**Since I wrote this post I've written a new technical paper called "Surface Gradient Based Bump Mapping Framework" which does a better and more complete job describing the following.**

**All my papers can be found at https://mmikkelsen3d.blogspot.com/p/3d-graphics-papers.html**

I have added a shader to the demo which shows how to do mixing of derivative maps in a more typical scenario in which auto bump scale is used and all derivative maps are using same base unwrap but using different scales and offsets on the texture coordinate. The auto bump scale is what allows us to achieve scale invariance like we are used to with normal mapping.

The location of the demo is still the same: source and binary. Also notice that dHdst_derivmap() can be made shorter by passing

*VirtDim / sqrt(abs(VirtDim.x * VirtDim.y))*as a constant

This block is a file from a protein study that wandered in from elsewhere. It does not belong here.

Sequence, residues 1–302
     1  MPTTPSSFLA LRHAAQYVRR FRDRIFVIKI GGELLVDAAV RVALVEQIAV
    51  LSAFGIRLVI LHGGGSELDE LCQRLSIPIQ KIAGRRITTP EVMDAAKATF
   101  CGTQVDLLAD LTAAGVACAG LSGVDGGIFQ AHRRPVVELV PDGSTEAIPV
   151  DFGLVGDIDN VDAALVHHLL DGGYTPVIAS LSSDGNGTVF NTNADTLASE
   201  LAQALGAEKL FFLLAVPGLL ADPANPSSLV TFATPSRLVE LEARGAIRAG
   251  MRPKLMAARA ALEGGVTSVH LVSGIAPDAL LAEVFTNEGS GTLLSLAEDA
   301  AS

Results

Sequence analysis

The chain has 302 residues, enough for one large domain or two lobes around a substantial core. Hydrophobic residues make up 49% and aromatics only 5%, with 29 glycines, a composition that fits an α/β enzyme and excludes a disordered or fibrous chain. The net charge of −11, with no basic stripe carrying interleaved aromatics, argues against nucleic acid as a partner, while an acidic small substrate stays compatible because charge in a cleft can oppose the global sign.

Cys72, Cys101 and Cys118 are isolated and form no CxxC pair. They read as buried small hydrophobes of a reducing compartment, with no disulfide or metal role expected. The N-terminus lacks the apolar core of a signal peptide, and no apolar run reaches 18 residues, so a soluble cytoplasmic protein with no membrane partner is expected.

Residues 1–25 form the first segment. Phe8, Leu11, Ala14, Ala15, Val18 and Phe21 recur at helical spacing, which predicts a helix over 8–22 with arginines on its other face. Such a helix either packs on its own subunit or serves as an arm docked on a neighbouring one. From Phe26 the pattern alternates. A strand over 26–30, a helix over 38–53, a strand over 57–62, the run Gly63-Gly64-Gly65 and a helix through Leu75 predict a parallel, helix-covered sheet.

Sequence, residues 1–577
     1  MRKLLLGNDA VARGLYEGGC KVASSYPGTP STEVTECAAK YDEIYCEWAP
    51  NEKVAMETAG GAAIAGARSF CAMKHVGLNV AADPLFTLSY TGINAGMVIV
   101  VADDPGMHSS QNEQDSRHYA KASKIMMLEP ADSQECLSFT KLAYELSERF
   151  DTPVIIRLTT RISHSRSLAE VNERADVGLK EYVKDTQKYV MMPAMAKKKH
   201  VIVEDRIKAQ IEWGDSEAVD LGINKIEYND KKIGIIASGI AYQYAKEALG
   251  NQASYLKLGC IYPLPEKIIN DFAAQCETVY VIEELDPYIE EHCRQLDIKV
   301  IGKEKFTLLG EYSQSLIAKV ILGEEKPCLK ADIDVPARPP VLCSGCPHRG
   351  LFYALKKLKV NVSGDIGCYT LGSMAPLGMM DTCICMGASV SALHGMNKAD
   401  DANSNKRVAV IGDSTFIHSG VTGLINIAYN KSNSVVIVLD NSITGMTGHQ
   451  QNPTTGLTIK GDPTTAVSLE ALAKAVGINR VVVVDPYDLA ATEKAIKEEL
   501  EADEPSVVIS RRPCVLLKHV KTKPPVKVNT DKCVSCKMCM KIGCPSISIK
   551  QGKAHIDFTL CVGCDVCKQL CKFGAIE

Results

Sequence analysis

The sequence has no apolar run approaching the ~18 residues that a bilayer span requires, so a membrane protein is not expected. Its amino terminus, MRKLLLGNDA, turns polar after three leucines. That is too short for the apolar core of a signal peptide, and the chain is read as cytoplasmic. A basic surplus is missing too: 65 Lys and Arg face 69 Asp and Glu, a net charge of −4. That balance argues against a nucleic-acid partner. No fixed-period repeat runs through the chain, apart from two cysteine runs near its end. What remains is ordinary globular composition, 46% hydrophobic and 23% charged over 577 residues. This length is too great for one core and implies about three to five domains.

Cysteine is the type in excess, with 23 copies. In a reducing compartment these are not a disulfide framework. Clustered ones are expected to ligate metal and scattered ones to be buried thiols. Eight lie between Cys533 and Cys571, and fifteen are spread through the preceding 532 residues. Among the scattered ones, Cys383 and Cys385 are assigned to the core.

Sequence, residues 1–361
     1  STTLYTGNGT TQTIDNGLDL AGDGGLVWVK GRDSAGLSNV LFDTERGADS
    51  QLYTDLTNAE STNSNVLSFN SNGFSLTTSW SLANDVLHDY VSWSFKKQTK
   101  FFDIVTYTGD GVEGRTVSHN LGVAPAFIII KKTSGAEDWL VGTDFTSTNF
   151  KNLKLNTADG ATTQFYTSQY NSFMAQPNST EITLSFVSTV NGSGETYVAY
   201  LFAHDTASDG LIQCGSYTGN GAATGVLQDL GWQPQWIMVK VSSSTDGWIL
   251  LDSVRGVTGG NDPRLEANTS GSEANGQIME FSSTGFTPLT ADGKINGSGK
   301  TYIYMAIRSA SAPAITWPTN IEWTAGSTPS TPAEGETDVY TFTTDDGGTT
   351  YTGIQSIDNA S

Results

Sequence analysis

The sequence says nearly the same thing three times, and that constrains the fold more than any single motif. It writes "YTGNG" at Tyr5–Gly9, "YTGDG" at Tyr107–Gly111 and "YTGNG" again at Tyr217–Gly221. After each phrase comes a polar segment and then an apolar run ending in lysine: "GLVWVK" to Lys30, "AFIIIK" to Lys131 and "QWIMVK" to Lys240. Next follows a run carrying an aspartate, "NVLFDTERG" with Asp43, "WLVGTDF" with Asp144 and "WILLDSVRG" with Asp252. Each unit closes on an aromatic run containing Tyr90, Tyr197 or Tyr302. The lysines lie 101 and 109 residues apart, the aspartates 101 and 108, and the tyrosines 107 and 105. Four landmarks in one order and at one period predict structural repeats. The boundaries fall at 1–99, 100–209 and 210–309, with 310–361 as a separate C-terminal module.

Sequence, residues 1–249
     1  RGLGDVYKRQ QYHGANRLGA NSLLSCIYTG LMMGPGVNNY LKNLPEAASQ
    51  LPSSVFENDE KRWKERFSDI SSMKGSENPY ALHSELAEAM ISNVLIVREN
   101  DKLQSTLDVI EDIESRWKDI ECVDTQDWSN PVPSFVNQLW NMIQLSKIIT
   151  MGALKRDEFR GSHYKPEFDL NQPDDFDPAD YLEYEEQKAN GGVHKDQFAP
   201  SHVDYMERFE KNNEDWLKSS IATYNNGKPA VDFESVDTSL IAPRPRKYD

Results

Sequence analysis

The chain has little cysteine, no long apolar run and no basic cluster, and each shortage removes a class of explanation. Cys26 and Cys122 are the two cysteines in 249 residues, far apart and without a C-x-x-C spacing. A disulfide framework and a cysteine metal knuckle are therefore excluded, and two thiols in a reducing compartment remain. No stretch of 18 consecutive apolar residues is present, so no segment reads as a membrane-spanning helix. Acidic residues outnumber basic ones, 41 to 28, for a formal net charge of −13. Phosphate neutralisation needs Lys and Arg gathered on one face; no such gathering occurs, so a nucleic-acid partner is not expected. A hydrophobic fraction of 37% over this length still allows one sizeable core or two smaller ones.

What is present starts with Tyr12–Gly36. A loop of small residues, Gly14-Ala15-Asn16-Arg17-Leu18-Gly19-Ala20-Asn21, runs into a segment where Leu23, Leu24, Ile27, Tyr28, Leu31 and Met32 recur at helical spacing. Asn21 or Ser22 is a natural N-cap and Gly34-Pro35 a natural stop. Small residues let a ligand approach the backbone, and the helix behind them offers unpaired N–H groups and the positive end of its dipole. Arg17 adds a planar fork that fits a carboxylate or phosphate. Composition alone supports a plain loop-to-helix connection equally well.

*.*Furthermore, this vector constant is ±1.0 when

*VirtDim.x ==*

*VirtDim.y*. Finally, the scale and offset which is applied to the texture coordinate can be moved to the vertex shader. However, this requires the use of multiple interpolators so this might not be the preferred way.

One relevant thing to notice here is that the numerator

*VirtDim*is a float2 and not part of the bump scale. It serves to convert the height derivatives to the normalized texture domain from which we apply the chain rule. The factor

*1 / sqrt(abs(VirtDim.x * VirtDim.y))*on the other hand

**is part of the bump scale**. The distinction is subtle when doing bump mapping but becomes relevant when we do parallax mapping.

If for instance you are using derivative maps made with xNormal or you are just using this way of auto calculating a bump scale then the expression for the bump scale is:

*bump_scale = g_fMeshSpecificAutoBumpScale / sqrt(abs(VirtDim.x * VirtDim.y))*

where g_fMeshSpecificAutoBumpScale is the square root of the average ratio of the surface to normalized texture area. There is code which shows how to calculate this in the demo. The final value bump_scale is the same as the value which is returned by SuggestInitialScaleBumpDerivative() in xNormal.